Depression: An Outsider Looks Inward

Depression: An Outsider Looks Inward

Depression: An Outsider Looks Inward

Depression Sarah Zabel

My friend’s phone call left me stunned and shaken. She had just been released from the hospital, where she had been admitted for suicidal ideation. “Suicidal ideation” was an unfamiliar term to me, but I could easily figure what it meant. Carolyn had been grieving a loss, but I had no idea that she had become depressed and suicidal. For me, Carolyn, and her family, it was the beginning of a long journey in coming to understand depression and so many of the other conditions that ride at its side.

Over the next 10 years, Carolyn would take a variety of medications for her depression and anxiety while undergoing psychotherapy. Though it all helped, it was not enough to ward off the suicidal ideation, which progressed to suicide attempts. Finally, after her third attempt, she was persuaded to try electroconvulsive therapy, which banished the suicide attempts for many years. But she wasn’t “cured.” She wasn’t restored to the Carolyn I knew.

Along with her family and other friends, I saw what she was going through but felt helpless to intervene. I needed to learn more about this illness, this depression. Two years ago, I retired from the US Air Force and set myself the goal of understanding, and then explaining to others, what depression is and how it is treated. My efforts finally became a book about the science of depression.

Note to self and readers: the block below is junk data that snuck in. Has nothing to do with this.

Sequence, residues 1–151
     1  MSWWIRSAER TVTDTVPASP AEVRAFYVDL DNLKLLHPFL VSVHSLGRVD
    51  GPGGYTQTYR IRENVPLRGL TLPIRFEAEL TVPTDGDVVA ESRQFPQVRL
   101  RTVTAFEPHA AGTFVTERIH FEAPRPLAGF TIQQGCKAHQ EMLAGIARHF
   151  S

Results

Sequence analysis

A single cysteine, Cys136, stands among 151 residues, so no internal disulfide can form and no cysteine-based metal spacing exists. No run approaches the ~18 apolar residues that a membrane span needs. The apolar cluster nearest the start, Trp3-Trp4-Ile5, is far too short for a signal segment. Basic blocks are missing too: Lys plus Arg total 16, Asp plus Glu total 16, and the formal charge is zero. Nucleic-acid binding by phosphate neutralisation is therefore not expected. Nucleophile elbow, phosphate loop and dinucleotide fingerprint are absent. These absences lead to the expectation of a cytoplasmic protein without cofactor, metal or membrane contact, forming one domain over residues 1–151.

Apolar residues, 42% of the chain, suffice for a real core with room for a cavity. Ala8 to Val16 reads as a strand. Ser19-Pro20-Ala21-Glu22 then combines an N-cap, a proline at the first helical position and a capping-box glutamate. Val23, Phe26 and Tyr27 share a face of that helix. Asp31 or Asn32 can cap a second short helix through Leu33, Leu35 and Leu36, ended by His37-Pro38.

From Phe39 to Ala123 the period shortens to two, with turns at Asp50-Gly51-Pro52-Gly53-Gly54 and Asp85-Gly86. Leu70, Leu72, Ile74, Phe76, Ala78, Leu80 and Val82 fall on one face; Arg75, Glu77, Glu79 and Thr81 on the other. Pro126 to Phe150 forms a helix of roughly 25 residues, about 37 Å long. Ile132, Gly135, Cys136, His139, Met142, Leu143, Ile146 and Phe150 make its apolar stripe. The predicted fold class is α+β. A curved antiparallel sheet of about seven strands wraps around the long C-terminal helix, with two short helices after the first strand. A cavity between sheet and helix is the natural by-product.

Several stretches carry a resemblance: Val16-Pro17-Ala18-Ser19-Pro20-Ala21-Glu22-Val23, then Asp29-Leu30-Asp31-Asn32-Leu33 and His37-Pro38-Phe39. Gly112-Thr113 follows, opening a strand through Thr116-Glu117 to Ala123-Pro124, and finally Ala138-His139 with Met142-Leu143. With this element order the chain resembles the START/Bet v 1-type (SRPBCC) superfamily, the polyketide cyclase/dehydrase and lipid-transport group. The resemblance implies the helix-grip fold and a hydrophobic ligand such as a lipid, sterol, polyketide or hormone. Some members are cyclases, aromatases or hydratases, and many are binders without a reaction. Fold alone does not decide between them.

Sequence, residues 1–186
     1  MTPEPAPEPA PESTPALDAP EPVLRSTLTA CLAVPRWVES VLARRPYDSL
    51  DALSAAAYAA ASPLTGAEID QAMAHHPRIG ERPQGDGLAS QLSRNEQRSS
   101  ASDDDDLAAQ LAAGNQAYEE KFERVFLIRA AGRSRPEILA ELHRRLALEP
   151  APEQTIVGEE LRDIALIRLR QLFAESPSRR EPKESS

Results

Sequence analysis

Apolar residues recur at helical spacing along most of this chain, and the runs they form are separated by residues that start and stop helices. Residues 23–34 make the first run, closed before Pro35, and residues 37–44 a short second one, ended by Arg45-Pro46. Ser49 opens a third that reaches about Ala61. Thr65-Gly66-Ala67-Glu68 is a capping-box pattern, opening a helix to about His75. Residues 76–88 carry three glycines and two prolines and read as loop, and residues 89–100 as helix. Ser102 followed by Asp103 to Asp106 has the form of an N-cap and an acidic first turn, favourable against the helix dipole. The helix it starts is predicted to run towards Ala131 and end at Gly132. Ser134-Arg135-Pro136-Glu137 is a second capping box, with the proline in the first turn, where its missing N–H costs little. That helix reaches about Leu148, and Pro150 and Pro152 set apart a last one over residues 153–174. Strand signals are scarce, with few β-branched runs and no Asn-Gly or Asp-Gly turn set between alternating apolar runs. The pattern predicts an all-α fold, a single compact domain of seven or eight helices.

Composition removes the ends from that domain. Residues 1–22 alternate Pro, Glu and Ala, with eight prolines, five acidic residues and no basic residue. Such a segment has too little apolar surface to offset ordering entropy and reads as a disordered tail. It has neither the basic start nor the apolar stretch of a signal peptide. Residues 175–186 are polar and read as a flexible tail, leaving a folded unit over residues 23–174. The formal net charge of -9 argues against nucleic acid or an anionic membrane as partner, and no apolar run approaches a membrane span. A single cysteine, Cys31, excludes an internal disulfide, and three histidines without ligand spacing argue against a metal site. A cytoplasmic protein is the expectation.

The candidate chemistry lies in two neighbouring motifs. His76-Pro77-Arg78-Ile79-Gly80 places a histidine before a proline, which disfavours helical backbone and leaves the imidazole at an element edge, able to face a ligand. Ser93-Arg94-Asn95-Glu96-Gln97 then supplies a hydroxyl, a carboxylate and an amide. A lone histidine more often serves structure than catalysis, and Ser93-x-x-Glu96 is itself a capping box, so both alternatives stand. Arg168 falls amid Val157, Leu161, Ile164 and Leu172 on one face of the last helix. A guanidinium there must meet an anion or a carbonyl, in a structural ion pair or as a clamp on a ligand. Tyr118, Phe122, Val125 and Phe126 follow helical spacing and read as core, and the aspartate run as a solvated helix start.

It was a journey full of surprises to me, an outsider. For example:

- I did not realize the degree to which physical – somatic – symptoms are involved in depression, often in contradictory ways. Most people with depression either can’t sleep, or sleep too much. They can’t eat, or eat too much. Other aspects of the body are involved as well. Carolyn usually couldn’t sleep, couldn’t eat, and had a noticeably slowed speech pattern.

- Despite the prominent suicidality of Carolyn’s illness, suicide is not a regular progression of depression. The two have a different neurobiology. Different inheritance, and affect demographic groups differently. There is significant overlap though: about 60 percent of the people who die by suicide do so while in a major depressive episode, from unipolar or bipolar depression. 

- It is startling the degree to which exposure to the natural world shapes the brain’s development through early life, and then continues to affect mental health throughout one’s existence. Early exposure to microbial organisms guides development of the immune system and stress reactivity. Diet, sleep, and exposure to daylight affect mental health in the present day.

- Though there is a great deal yet to be discovered about how the brain works in illness and in health, there have been remarkable advances, many in the last two decades. Physicians have a greater repertoire of treatment options now, founded in a better understanding of how depression works. 

What I learned in this journey is empowering, for myself and for Carolyn. I am happy to say that today she is thriving. And yet I can never be completely comfortable; depression is a tenacious illness, and it can never be disregarded. I am increasingly confident, however, that it can be managed… that people like Carolyn can life a full and happy life.

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